Tuesday, June 21, 2011
Caleb Charland: Inquisitive & Blasphemous
Caleb Charland’s physical manifestation of scientific curiosity is made of light and time
|This Article Features Photo Zoom|
"I think people have a pretty good grasp on how photography works," says Charland. "They're not necessarily experts, but the idea, drawing with light or long exposures, they kind of get that because it's so ingrained in culture. That's why I always target eighth-grade science—after that, it becomes a lot of math and a lot of things that you can't necessarily see immediately. Most of my techniques are no more advanced than intro to photo stuff—long exposures, manually adding light to the film in front of the camera, etcetera. People really seem to respond to the quotidian nature of it."
Charland owes some of his inspiration to an unlikely, albeit equally weird and wonderful, source: the music of Tom Waits. Like Charland, Waits pays no heed to rules or conventions.
"I love his whole approach to sound recording," Charland says. "Part of it's just being inquisitive and blasphemous. If the dumpster in the back alley sounds better than your kick drum, throw a mic in it and just beat on it. I think this whole idea of 'high art' or whatever, I don't know, I think that's kind of a myth. I think it comes from wherever you need it to come from. And I don't think there's anything wrong with having fun making art."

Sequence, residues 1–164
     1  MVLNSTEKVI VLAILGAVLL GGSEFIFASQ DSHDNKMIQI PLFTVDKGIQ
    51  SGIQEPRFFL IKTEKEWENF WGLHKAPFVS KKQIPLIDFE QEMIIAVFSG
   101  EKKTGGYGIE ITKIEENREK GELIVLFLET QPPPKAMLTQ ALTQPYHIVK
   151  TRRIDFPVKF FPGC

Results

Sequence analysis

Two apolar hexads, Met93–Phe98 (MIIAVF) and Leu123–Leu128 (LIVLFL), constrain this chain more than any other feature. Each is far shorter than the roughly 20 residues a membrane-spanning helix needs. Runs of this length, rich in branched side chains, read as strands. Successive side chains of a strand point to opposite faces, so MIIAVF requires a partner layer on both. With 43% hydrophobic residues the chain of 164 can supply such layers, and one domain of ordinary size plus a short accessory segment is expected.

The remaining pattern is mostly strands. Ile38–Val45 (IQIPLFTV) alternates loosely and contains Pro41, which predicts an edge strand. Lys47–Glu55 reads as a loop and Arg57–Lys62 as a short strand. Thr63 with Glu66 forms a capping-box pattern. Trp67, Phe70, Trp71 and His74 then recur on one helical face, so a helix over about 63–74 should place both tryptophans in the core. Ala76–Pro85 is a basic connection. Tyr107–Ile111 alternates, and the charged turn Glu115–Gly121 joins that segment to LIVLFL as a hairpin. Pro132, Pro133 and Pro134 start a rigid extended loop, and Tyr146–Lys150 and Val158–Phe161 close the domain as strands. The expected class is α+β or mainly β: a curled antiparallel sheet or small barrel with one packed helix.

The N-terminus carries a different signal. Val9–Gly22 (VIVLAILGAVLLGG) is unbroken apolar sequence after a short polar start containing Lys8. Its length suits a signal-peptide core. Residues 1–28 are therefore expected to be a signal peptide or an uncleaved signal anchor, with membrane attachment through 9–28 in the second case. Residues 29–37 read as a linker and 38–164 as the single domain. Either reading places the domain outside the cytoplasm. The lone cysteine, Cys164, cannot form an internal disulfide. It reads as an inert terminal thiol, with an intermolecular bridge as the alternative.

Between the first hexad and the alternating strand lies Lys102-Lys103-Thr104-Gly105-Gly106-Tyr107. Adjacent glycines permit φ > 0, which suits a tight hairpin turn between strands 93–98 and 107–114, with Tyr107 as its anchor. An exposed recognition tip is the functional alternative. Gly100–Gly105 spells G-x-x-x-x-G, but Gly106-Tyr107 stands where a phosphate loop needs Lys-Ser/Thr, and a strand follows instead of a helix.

Art, science, fun—it's all the same to Charland. Though his art school teachers helped him understand the importance of the "performative" aspects of his work, the end product is always being served by the technique. The print is the thing, although for the artist, the process is part of the wonder. He enjoys exploring a hypothesis, testing it with a camera.
Each picture begins as a question of what's still possible to photograph. By using the basic elements of the medium—light and time—I think there are still many things to discover."I think one of the reasons they invented science was to have a logical way to pursue the unknown," says Charland. "Like, well, we don't know what the hell it is, but let's pretend we do and then do some experiments pretending we know what we're talking about, and then those experiments will show us what we don't know about, and then we'll gather knowledge that way.
"Photography is a means to represent an experience within the world," he says. "The exposure is a certain length; the task takes so long, so it's a measurement of time and light and the activity before the camera. It's also a way to measure possibility. Each picture begins as a question of what's still possible to photograph. By using the basic elements of the medium—light and time—I think there are still many things to discover."
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